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The dispute between African telecommunications giant MTN and Ugandan authorities may be far from over, but decade-old intention to open up the company to wider Ugandan participation provided President Yoweri Museveni and MTN to Group chief executive Rob Shuter straws to cling on it, as they pulled back from the brink of a potentially damaging standoff over the company’s future in Uganda.

In a statement datelined Davos, Switzerland, where President Museveni held talks with the MTN boss on January 23, State House Kampala announced that a months old dispute over the renewal of MTN’s licence had been resolved, and that the telco had also agreed to spread its ownership to more Ugandans through a share placement with the National Social Security Fund.

“It is important that you float shares on the local stock exchange to allow for local ownership now that the licence has been renewed,” President Museveni is reported to have said during his meeting with Mr Shuter, signalling an end to the standoff.

Analysts are seeing the climbdown as a compromise that serves Uganda’s economic and diplomatic interests.

In 2017, the ICT sector contributed 9.8 per cent to Uganda’s GDP and MTN accounted for 63 per cent of that value. Rash actions against the company were likely to have a ripple effect on investor perception while the grave charges levelled against foreign employees — some of whom were controversially deported earlier in the week — were causing unnecessary diplomatic friction.

The Davos compromise came at the height of tensions that had started early in the week when the Internal Security Organisation (ISO), in quick succession, rounded up and deported three top executives of the telecoms firm from Uganda between January 19 and 22.

They are French national and MTN Uganda chief marketing officer Olivier Prentout, Franco-Italian citizen and general manager for mobile financial services Elsa Muzzolini and Rwandan Annie Bilenge Tabura, who was head of sales and distribution.

The actions strained further already frayed relations with Rwanda, which cited Ms Tabura’s removal as further evidence of a witch-hunt against its citizens by Kampala, while France is also understood to have protested and demanded evidence to justify the treatment its citizens had been subjected to.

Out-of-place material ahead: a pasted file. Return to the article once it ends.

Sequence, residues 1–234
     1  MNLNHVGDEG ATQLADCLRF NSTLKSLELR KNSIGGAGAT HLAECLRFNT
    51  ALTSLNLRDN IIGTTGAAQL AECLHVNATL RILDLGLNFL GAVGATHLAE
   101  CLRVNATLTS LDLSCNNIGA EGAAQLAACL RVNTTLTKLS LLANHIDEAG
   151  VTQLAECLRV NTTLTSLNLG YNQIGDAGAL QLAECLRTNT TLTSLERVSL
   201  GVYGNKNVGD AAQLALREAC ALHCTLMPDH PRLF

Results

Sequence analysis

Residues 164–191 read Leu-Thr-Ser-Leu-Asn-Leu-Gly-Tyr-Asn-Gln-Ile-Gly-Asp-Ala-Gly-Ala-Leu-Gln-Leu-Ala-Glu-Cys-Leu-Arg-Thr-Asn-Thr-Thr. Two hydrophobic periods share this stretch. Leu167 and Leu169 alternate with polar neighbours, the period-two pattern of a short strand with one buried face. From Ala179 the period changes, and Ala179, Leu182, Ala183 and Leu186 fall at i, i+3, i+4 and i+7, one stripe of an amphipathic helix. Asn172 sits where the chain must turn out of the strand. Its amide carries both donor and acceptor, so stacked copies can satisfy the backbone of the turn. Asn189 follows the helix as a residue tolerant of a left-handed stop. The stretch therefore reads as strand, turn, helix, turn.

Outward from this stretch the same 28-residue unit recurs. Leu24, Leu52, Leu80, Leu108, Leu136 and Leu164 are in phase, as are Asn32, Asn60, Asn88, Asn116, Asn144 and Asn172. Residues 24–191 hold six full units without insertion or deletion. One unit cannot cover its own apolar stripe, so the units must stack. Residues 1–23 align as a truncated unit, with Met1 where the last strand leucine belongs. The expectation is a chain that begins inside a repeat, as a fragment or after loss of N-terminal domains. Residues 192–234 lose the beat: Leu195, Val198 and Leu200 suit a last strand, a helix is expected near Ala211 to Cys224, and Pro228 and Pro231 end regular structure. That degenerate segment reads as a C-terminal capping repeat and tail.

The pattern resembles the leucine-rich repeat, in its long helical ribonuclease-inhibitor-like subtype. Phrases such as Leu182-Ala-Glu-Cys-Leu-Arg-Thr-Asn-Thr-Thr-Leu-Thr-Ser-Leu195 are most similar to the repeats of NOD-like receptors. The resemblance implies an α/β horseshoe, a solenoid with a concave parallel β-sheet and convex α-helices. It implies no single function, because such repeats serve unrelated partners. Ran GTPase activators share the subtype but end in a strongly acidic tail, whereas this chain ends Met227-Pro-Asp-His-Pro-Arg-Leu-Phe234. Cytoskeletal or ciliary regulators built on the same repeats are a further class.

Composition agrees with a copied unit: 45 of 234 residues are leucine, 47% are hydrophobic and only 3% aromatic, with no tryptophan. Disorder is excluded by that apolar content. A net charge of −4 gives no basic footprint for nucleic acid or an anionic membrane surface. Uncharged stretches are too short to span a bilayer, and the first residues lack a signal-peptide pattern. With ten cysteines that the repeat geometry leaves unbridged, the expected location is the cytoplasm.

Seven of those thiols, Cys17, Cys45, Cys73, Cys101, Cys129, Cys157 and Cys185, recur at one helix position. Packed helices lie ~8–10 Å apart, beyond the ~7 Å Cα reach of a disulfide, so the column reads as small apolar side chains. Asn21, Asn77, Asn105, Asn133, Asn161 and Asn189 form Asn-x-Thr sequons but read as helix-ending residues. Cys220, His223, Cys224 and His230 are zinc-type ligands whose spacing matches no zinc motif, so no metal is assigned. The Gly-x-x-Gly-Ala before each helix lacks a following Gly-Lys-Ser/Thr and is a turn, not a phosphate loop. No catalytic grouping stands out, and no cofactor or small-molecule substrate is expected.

For the investor community, the actions against MTN and a new policy banning licence renewal for wholly foreign-owned sports betting firms, pointed to threats of policy reversal and forced nationalisation last witnessed in Uganda’s famous “Move to the Left” 50 years ago.

MTN International controls 95 percent of the stock in MTN Uganda. Ugandan businessman Charles Mbiire holds the solitary Ugandan stake of five per cent in the company.


That skewed ownership has been interpreted by many commentators to mean that 95 percent of profit is repatriated from the economy. But, in presentations to the Uganda Revenue Authority, MTN has in the past argued that only 12 per cent of its net revenue is paid to shareholders, 32 per cent is retained in Uganda as taxes and government fees, while 18 per cent is ploughed back into the network.

It is this concentrated external ownership structure that has made the company vulnerable and has fed into current concerns over its potential impact on the stability of the Ugandan economy.

While the share offer to NSSF is being touted as a new proposal, The EastAfrican has learnt that it has been the subject of ongoing discussions between the company and the Uganda Capital Markets Authority for close to 10 years now.

MTN has been averse to open listing on the Uganda Securities Exchange, arguing that it could become exposed to dirty money.

The company first expressed its intent to sell a stake to the NSSF in 2008, but then the Fund got embroiled in a governance scandal that made the telco view it as constituting a reputational risk.

NSSF managing director Richard Byarugaba declined to discuss any potential deal with MTN, but independent analysts say that although a stake in the company would hypothetically spread Uganda’s participation in the company to the 2.5 million members of the Fund’s register, in real terms it would not amount to more than an eight per cent stake, because of restrictions on NSSF’s asset classes.

Currently, the fund is allowed to invest up to 25 percent of its Ush10 trillion ($2.7 billion) assets in equities. Current exposure to equities stands at 16 percent, leaving a margin of 9 percent or Ush900 billion ($243 million) available for further investments in that class. At MTN Uganda’s current valuation of Ush7.2 trillion ($1.9 billion), that money can only buy eight percent if NSSF chooses to take on that exposure.

It was not immediately clear if such a stake would placate President Museveni who, in the remarks made at Davos, accused players in the telecommunications sector of cheating on taxes through under-declaration of earnings. He has also alluded to the impact of repatriation of profit by foreign firms on exchange-rate stability.

Besides, it is at odds with a new ICT sector policy — yet to become law — under which players in the telecommunications sector will be required to list 30 per cent of their stock on the local exchange.

President Museveni had protested what he saw as an unwarranted discount when the Uganda Communications Commission allowed itself to be bargained down from $100 million to $58 million for MTN’s 10-year licence extension.

President Museveni’s view, communicated in a letter to UCC, was that MTN should pay more for the licence since it was repatriating 95 percent of its profits from the country. That letter created a stalemate that saw the deadline for a new license for the telco to lapse on January 20.

Following the Davos compromises, the UCC was on Friday expected to announce a three-month interim licence for MTN.